“Last year, we managed to obtain more funds for Medicare Advantage on the island, but we perceived that it wasn’t reaching the providers—doctors, pharmacies and hospitals,” González said in an exclusive interview with Caribbean Business that took place one hour after she announced the status of HR 6809 during a healthcare conclave titled “From Obamacare to Trumpcare,” which was hosted by the Puerto Rico Chamber of Commerce at the end of September. “Before, you had an increase in premiums, but the money wasn’t going to the healthcare practitioners. If the bill is approved, you would have a law that stipulates that at least 50 percent of those funds will be passed on to healthcare providers [for a period of three years]. Now, for the first time, you have the whole industry behind this.”

All aboard

Importantly, the insurance companies are included among those advocating for the measure. “As pertains to [HR] 6089, we as MMAPA [Medicaid & Medicare Advantage Products Association of Puerto Rico] had some dissenters as to whether we should advocate for that wording,” explains Medical Card System Inc. (MCS) CEO Jim P. O’Drobinak, who is the former president of the Medicare Coalition for Fairness and MMAPA. “Yet the notion stands that when you get to the front of the line, you have to give your best story. So, we pushed to make certain we got that wording in there—for the 50 percent for physician fees—and we are glad it got in there. I feel she [González] has outperformed what a lot of people have given her credit for. She got that wording in there.”

The hope of Puerto Rico’s non-voting member of Congress is that the bill will help to stem the tide of doctors leaving Puerto Rico at an alarming rate. “Take into account that two years ago, we had one doctor per day leaving the island to the point where some subspecialties do not have professionals left on the island. You have a healthcare network that is much more compromised. Thus, you have a system that commences to collapse. So, it is important to obtain that money.”

Whether HR 6809 rallies enough support to pass is contingent on many factors. Although the measure has a roster of co-sponsors—José Serrano (D-N.Y.); Don Bacon (R-Neb.); Peter King (R-N.Y.); Darren Soto (D-Fla.); Stephanie Murphy (D-Fla.) and Amata Coleman Radewagen (R-Am. Samoa)—on both sides of the aisle, midterm elections held on Nov. 4 could put the brakes on the momentum behind Prima if allies lose their Congressional seats.

In Congress We Trust?

One conservative adviser on the Hill with knowledge of the bill put it into federal context with this: “This bill is a perfect example of insularism that politicians in Puerto Rico have about how to best interface with the rest of the United States and, in this case, with the rest of the members of Congress. I think it shows a great deficiency in the sophistication of this particular nonvoting resident commissioner.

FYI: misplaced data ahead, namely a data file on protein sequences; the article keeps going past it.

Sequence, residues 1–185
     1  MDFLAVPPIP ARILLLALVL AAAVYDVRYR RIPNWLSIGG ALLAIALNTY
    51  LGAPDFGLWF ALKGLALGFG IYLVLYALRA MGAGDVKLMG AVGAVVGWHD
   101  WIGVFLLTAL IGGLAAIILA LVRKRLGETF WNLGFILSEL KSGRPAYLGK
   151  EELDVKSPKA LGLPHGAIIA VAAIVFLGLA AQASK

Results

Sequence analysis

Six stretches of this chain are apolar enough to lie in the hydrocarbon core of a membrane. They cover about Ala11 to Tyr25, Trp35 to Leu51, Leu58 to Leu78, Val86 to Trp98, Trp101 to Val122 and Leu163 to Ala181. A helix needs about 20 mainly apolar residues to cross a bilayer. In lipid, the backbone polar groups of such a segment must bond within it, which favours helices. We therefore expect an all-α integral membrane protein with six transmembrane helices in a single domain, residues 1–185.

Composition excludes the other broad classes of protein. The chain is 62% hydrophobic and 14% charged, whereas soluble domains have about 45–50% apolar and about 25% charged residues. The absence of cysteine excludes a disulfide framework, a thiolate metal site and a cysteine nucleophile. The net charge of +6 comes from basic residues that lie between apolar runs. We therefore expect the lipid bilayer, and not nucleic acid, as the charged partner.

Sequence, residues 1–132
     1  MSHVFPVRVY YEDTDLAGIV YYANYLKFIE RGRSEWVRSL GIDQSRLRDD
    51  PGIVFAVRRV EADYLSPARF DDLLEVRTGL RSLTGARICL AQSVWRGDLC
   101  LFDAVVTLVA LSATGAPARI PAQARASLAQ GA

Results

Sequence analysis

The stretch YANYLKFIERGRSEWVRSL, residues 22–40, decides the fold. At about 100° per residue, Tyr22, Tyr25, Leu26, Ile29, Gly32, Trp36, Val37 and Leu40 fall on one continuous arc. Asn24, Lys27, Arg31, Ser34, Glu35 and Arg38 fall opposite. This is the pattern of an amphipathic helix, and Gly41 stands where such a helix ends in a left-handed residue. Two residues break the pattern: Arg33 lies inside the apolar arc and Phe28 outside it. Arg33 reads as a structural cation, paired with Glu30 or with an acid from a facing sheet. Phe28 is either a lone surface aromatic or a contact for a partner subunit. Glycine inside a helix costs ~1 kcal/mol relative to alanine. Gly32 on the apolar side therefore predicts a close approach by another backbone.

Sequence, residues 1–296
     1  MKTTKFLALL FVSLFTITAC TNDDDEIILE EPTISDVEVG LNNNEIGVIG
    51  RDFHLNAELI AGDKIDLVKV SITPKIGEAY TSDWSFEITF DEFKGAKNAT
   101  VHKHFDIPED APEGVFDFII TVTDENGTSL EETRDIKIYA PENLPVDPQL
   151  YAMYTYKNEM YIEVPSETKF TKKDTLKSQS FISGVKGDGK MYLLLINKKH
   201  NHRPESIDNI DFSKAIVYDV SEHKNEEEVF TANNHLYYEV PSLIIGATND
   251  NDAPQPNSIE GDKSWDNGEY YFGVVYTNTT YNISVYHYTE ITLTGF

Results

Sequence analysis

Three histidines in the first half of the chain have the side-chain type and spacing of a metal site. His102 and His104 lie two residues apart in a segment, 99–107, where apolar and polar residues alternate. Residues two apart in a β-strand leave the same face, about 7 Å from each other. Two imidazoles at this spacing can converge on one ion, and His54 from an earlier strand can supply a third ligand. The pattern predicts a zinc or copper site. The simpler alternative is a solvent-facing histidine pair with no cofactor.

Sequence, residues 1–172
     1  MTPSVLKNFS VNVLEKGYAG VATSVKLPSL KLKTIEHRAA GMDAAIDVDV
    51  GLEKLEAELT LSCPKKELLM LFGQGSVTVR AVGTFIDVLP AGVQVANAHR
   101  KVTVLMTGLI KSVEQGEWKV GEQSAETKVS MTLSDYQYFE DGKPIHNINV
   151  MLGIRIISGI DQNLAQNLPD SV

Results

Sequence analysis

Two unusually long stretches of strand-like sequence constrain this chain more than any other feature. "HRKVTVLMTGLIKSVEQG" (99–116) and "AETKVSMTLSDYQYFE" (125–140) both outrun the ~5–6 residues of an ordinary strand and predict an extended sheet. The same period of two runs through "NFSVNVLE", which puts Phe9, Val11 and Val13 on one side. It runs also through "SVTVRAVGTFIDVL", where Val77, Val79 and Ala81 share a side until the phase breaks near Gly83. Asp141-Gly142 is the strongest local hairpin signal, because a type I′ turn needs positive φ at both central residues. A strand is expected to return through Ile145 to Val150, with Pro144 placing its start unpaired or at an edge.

“The broader issue is that Puerto Rico as a jurisdiction has a very high participation in the Medicare Advantage program, which from a conservative point of view, provides the Medicare recipients the ability to choose in ways the regular Medicare does not necessarily do. And the opportunity that the Puerto Rico folks miss is to be a part of the whole—everything that is going on around the country; why is this good across the country? They miss the forest for the trees.

“Nobody seems to have mounted a concerted effort to make sure CMS [Centers for Medicare & Medicaid Services] treats all federal taxpayers equally—and that is the issue; if you are a federal taxpayer who paid into the system, whether you live in the Virgin Islands or Guam, California, Oregon or Florida—you should not have to worry about what the tax dollars you paid are going to do for you.”

Actually, the MMAPA’s O’Drobinak together with MMAPA leaders belonging to MA providers Triple-S Management, Humana and MMM, spent the better part of the past six years explaining the disparities in treatment of Puerto Rico in the reimbursement rates to anyone who would listen on the Hill and at CMS. Despite the political shifts in ideology, O’Drobinak believes the message has not been lost.

“The problem becomes, when you see it on the micro basis, down here, when the political parties change, there is a shift in ideology. The difference between here and there is that the tenured staffers are deeper there,” O’Drobinak explained with the experience of hundreds of visits with policy wonks underpinning his perspective. “So, there are people [who are replaced]—if you change from what was a Democrat-based environment before Trump to one that has the leaders at the Health & Human Services [HHS] agency and CMS becoming Republicans. But the people who are doing the math are the ‘lifers.’ So, despite the party shift, they have those lifers who have their numbers that they believe in.”